Premier investigating agency CBI has been ordered to probe the accounting fraud in Satyam Computer, whose founder Ramalinga Raju had disclosed cookings books over 40 days ago, the Rajya Sabha was informed on Tuesday.
Replying to supplementaries during Question Hour in the Rajya Sabha, Corporate Affairs Minister Prem Chand Gupta said while the Serious Fraud Investigation Office (SFIO) under his ministry had been given three-months to wrap up its probe into the Satyam scam, no time-frame has been set for CBI.
"Yesterday, the government ordered CBI investigation into the whole issue," he said.
Gupta evaded replying to demands for setting up a Joint Parliamentary Committee to go into all aspects of the Satyam scam, including allegations of political patronage to its disgraced founder B Ramalinga Raju.
He also did not say if investigation would be launched into accounts of the companies audited by Price Waterhouse, the statutory auditors for Satyam.
"The SEBI has ordered peer audit review of companies listed on Sensex and Nifty. Once peer review is over, government will decide what to do," he said.
Gupta said RBI had in October 2004 issued advisory to banks not to engage Price Waterhouse for audits after unearthing of accounting deficiencies in Global Trust Bank (GBT), whose account it was auditing.
Three years later the advisories were withdrawn, Gupta said but did not give the precise reason for withdrawal.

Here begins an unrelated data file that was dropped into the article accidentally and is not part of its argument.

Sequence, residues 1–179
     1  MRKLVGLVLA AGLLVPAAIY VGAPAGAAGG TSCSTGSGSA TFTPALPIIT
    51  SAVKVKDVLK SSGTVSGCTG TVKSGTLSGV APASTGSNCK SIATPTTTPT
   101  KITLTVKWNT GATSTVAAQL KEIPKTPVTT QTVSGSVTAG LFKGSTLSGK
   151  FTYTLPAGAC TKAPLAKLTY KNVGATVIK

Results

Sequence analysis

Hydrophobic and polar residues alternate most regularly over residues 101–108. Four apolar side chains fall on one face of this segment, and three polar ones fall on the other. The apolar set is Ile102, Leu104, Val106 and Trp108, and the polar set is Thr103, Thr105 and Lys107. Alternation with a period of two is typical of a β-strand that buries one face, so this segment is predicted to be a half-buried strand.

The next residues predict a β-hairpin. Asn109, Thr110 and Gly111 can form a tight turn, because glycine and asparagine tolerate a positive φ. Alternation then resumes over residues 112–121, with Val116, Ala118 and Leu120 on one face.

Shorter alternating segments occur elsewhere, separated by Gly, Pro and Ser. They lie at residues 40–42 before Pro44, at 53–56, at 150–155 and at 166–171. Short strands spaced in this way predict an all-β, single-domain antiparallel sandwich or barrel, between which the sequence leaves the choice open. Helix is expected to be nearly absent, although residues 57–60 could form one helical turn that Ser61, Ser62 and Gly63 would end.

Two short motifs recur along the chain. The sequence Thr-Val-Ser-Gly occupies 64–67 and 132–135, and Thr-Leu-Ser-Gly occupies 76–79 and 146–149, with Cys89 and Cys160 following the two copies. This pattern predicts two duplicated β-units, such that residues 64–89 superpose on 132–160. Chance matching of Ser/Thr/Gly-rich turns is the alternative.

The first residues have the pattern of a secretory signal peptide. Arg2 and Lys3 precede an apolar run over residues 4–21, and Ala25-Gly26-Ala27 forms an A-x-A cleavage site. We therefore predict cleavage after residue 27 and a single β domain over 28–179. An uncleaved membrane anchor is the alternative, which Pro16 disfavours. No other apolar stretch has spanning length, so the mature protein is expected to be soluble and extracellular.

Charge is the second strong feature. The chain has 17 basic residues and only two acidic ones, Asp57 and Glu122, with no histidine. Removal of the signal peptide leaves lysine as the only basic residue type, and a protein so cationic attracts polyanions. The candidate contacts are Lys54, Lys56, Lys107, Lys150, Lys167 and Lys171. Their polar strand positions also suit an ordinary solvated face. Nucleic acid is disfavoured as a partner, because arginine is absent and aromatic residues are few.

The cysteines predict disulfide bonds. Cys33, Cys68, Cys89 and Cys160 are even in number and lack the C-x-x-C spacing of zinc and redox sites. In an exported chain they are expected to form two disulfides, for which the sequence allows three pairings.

"RBI has no legal power to blacklist any audit firm," Gupta said, adding that only ICAI as the regulator has the authority to do so.
Asked if ICAI had been asked by RBI to look into the role of Price Waterhouse in the audit of GTB accounts and submit its report, he said ICAI has completed inquiry into the audit of accounts for 2001-02 while the same for 2002-03 financial year was under process.
"Proper (and) due action will be taken against the erring officers," he said, adding that ICAI had found three persons guilty and they are in the process of punishing them.
Asked about the previous probes into Satyam, Gupta said after the Ketan Parekh scam, the government had on September 12, 2001 ordered inspection of books of Satyam. RoC submitted its report in April 2002.
The then Government compounded some offences and levied some penalties and closed the case, he said.
Gupta said the collapse of Satyam is not in the interest of the country. "The case of Satyam is a very unfortunate case... (but) this is only an aberration."
All investigating agencies including Income Tax Department, SEBI, Enforcement Directorate and SFIO were conducting inspection in a "very coordinated" fashion.
Although the Andhra Pradesh police arrested Raju and others and launched its own probe, the state government yesterday said it has issued an order recommending a CBI probe into the scam.
"We are concerned about 53,000 employees of Satyam," Gupta said, adding that the Institute of Chartered Accountants of India was also examining the role and the conduct of the statutory auditors for the company.
Raju, the former chairman of Satyam Computer Services Ltd, on January 7 disclosed that he had falsified accounts and financial statements of the company over the past several years.